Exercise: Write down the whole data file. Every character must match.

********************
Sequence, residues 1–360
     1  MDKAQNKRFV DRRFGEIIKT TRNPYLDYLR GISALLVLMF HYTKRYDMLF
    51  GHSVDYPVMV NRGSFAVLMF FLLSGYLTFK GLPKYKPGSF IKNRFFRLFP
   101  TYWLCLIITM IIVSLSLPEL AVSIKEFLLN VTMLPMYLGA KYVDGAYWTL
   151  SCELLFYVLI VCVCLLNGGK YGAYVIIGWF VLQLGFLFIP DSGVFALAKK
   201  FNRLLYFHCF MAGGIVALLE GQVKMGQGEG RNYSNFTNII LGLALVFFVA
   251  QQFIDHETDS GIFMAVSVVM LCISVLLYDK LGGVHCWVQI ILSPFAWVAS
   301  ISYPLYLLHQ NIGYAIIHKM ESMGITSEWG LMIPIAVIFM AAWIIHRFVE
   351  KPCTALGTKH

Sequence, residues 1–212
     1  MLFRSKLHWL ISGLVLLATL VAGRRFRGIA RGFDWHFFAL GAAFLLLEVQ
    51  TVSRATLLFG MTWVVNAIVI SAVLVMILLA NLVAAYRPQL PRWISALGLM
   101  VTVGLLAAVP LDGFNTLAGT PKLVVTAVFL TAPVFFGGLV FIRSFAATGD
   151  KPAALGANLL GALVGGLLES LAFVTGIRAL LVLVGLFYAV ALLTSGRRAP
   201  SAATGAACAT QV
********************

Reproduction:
Sequence, residues 1–360
     1  MDKAQNKRFV DRRFGEIIKT TRNPYLDYLR GISALLVLMF HYTKRYDMLF
    51  GHSVDYPVMV NRGSFAVLMF FLLSGYLTFK GLPKYKPGSF IKNRFFRLFP
   101  TYWLCLIITM IIVSLSLPEL AVSIKEFLLN VTMLPMYLGA KYVDGAYWTL
   151  SCELLFYVLI VCVCLLNGGK YGAYVIIGWF VLQLGFLFIP DSGVFALAKK
   201  FNRLLYFHCF MAGGIVALLE GQVKMGQGEG RNYSNFTNII LGLALVFFVA
   251  QQFIDHETDS GIFMAVSVVM LCISVLLYDK LGGVHCWVQI ILSPFAWVAS
   301  ISYPLYLLHQ NIGYAIIHKM ESMGITSEWG LMIPIAVIFM AAWIIHRFVE
   351  KPCTALGTKH

Sequence, residues 1–212
     1  MLFRSKLHWL ISGLVLLATL VAGRRFRGIA RGFDWHFFAL GAAFLLLEVQ
    51  TVSRATLLFG MTWVVNAIVI SAVLVMILLA NLVAAYRPQL PRWISALGLM
   101  VTVGLLAAVP LDGFNTLAGT PKLVVTAVFL TAPVFFGGLV FIRSFAATGD
   151  KPAALGANLL GALVGGLLES LAFVTGIRAL LVLVGLFYAV ALLTSGRRAP
   201  SAATGAACAT QV